In the church, we call that kind of undeserved, unconditional love, “GRACE, AMAZING GRACE,” and we are given grace upon grace in Jesus who chases us down while we kick, bite, scream, pout, and crucify to get our own way.
Brittany has learned to replicate Jesus’ grace even though she’s only been following Jesus in church for a little over a year. It’s so cool, how the Holy Spirit has been teaching her GRACE and using her to give GRACE for years. Grace before I know what Grace is, is called “Prevenient Grace” by theologians.
Brittany told me about this specific boy who cusses her and attacks her and other kids when he doesn’t get his way. Still, her relentless GRACE is changing him. Then she said, “It just makes me so sad, cause you know he’s learned that behavior from somewhere. Gotta be from mom and dad cause he’s not learning it at school.”
And my heart broke. It broke because you’ve taught me to empathize like Jesus rather than judge like the old me always did.
I almost cried as I said, “Brittany, I’m so thankful God put you in that little boy’s life to GRACE him as he learns a different way to communicate and a different way to get his needs met. But what about his mom and dad. Where do they learn this stuff? That boy can go to school and be changed by GRACE, but what about his mom and dad, where can they go to learn how to communicate, to love, to forgive, to be moms and dads, to be husbands, and to adult? Where they can go even where they’ll be GRACED and LOVED even while they still cuss and fight back and resent? Where can they go? Where will they learn how to love and be loved?”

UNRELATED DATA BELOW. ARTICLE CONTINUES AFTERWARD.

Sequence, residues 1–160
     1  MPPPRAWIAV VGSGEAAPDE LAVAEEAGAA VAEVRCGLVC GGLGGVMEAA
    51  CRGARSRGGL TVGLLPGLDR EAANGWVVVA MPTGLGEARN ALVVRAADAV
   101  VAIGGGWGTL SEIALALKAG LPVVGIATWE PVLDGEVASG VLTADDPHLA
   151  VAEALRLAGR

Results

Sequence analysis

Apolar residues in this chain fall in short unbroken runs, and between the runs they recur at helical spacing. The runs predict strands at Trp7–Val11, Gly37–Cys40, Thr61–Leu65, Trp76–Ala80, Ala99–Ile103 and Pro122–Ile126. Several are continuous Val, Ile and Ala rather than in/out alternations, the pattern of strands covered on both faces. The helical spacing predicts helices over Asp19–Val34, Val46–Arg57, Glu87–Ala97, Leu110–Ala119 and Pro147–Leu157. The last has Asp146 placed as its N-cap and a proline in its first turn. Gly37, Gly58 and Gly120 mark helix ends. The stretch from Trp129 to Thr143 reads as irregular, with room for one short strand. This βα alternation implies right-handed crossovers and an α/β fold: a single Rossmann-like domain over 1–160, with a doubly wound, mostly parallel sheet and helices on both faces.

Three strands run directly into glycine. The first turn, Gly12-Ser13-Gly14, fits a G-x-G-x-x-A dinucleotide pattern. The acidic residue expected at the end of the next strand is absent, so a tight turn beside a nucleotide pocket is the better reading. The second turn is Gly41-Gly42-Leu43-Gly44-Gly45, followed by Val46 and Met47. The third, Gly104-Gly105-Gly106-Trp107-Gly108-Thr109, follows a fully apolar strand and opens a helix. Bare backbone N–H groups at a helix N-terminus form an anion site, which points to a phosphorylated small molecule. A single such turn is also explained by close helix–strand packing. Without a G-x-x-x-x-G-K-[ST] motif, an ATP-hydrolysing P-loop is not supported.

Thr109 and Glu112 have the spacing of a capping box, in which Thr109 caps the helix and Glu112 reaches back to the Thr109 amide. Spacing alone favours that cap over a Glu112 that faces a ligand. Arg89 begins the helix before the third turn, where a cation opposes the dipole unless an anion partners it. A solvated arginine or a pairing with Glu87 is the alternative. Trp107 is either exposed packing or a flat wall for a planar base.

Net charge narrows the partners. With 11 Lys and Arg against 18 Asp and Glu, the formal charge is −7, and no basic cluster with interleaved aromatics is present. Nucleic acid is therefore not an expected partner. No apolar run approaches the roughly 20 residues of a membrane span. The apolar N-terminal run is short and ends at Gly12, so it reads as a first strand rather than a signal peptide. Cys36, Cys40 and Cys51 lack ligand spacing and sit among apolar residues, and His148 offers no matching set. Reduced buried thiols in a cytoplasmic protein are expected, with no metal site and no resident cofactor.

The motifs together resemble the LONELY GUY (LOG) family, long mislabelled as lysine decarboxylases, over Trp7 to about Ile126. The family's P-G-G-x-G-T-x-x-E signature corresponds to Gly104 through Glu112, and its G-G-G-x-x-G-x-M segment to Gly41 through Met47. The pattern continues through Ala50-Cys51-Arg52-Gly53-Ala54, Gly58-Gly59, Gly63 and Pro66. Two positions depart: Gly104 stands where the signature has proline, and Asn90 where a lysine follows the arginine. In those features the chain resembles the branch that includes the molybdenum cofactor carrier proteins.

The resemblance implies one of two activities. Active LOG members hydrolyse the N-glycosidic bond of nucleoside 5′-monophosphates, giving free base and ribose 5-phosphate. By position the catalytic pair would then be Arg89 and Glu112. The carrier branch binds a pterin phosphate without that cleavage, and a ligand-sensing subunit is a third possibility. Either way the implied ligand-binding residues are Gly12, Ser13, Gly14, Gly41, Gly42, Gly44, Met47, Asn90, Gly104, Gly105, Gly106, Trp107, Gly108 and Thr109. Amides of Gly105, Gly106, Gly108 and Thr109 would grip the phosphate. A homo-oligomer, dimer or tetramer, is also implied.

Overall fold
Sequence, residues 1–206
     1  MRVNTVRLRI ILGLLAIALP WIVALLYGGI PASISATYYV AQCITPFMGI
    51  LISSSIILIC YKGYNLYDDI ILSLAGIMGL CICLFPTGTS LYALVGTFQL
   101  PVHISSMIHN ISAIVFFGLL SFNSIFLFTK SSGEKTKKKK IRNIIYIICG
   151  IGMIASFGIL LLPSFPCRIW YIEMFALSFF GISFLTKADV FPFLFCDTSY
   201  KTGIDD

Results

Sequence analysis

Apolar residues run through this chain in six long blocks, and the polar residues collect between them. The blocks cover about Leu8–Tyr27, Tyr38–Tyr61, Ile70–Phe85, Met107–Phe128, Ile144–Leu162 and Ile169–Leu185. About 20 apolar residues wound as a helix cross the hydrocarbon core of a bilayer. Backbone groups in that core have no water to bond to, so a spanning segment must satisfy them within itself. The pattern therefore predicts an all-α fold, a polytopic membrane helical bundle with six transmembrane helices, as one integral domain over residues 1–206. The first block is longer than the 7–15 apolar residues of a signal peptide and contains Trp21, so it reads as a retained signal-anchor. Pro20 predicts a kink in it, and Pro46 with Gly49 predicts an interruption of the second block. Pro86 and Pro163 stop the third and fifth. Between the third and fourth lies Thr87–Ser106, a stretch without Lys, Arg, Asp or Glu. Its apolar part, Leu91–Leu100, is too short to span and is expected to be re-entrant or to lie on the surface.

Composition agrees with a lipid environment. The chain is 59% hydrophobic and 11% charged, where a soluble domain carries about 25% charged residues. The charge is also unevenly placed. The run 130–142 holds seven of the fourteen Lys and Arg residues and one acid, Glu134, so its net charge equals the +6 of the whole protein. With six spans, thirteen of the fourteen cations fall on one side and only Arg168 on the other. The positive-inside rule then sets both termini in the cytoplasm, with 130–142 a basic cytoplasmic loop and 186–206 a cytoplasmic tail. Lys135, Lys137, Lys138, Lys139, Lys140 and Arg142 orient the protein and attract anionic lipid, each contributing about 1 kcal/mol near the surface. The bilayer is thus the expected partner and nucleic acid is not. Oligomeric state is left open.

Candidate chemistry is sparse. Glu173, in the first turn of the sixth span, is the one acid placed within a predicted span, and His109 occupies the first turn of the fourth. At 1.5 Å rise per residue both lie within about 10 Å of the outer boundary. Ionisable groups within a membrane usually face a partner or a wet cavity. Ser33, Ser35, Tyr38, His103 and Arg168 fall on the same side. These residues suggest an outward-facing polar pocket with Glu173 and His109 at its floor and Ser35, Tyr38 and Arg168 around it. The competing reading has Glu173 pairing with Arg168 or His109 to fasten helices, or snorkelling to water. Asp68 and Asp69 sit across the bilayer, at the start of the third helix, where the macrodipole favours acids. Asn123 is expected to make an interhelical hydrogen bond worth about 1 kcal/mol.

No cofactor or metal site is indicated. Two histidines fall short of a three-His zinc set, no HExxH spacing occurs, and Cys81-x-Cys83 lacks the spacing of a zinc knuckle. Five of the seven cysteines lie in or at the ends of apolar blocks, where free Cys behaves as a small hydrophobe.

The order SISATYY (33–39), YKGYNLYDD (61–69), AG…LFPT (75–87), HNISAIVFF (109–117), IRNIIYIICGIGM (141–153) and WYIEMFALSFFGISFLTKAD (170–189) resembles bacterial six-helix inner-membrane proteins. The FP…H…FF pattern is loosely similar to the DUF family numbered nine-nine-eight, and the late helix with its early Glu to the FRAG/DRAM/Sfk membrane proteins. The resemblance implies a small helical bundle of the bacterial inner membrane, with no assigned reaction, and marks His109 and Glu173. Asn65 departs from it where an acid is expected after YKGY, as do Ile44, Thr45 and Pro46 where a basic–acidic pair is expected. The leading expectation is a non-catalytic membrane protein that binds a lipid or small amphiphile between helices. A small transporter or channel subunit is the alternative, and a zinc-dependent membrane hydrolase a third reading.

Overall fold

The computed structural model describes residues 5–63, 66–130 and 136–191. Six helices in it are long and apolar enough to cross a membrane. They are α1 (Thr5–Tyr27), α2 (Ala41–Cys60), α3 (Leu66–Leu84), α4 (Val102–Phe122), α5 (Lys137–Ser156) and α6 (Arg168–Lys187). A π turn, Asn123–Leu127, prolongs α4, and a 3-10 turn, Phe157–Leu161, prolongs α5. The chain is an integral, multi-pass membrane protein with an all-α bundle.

Joe and Joy and Brittany all looked at each other trying to think about where in this world grown people can go to learn honesty, integrity, spirituality, forgiveness, gentleness, love, joy, peace, self-control. Where can they go to be liberated from harmful habits and unhelpful coping mechanisms? Where can their character defects be removed and lives redeemed?
There are only 2 places I can think of, and the second grew out of the first. The Second is Alcoholics Anonymous and the 12 Step Groups like it.
The first is the Church. A place for difficult people to be loved over and over again. Even when they try to push us away, we keep loving them. Even when they curse us, we bless. Even when they sin, we forgive. A place where train wrecks are welcome and loved even as they are transformed. A place where the only requirement is a desire to know God and let God change you. A desire not a dress code or decorum or diploma or accomplishment is the only requirement. A mustard seed of faith in God and hope for healing.
The Church is the only such place. The Church is the only hope for such families and such people. They didn’t learn it from their parents, they didn’t learn it in the Army, or on the job. They won’t learn grace and be transformed by grace by watching TV or going to counseling, but by following Jesus with other sinners. The church is the only place where the transformative power of grace can reach them FOR FREE. The only place so wonderfully, gracefully stubborn enough to put up with difficult, needy people until God’s love transforms them.
It is the only hope for them because it is the only hope for me.